Lots of writers do use the 5W1H/5W2H framework.
It is an amazing tool in different situations where one needs to clarify or understands something in more depth.
• How much?
As you see from above: there are 5 questions starting with W and 2 starting with H.
This framework is paramount in requirements elicitation, and is widely used in TQM and QCC, which are the pillars of the Total Quality Movement.
I have been trying to find a reference that tells me where these questions came from. Although I suspect that they are from ancient times, I failed to find a reference that would point where they were first enumerated.
The oldest reference was found in Creatingminds.org, where they believe that those questions came from a Rudyard Kipling poem: “I Keep Six Honest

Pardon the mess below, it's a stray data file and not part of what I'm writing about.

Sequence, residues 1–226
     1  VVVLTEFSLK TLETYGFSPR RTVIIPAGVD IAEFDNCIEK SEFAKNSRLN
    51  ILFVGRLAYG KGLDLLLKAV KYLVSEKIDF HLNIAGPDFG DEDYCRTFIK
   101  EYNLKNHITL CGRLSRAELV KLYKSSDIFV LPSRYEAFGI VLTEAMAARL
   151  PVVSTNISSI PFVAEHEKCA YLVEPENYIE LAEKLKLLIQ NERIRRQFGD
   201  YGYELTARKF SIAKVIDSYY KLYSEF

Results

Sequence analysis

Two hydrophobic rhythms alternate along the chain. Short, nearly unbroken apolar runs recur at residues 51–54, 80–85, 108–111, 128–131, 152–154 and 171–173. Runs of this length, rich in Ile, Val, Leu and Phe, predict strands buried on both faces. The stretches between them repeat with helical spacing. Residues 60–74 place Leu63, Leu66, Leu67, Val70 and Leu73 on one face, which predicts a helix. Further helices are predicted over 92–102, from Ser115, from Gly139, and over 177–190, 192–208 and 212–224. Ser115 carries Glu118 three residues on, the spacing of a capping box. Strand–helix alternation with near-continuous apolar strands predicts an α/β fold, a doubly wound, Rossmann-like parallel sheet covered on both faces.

Serving Men ...". Beautiful poem, but I doubt that the 5W1H came from there.
If you happen to know a better origin for the 5W1H, let me know.
(07/07): As pointed out by Charlie Nguyen-Duc in his comment below,it seems that the origins of 5w1h are linked to Marcus Fabius Quintilianus.
5W1H or 5W2H came from latin: " Quis, quid, ubi, quibus auxiliis, cur, quomodo, quando ? " which can be traduced by: " Qui, quoi, où, par quels moyens, pourquoi, comment, quand ? " in French it corresponds to the 5W2H acronym. At the base it was Quintilian a pedagogue who asked these questions. For more information go on: http://en.wikipedia.org/wiki/Quintilian
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Hi, I found in three different places that Saint Thomas Aquinas attribute to Cicero the formulation of this group of questions:
http://www.basilica.org/pages/ebooks/St.%20Thomas%20Aquinas-Summa%20Theologica.pdf (page 834, named as Tully, of Tullius Cicero)
http://books.google.com.br/books?id=V0FI8b2CQ6IC&printsec=frontcover&hl=pt-BR&source=gbs_ge_summary_r&cad=0#v=onepage&q&f=false (page 139)
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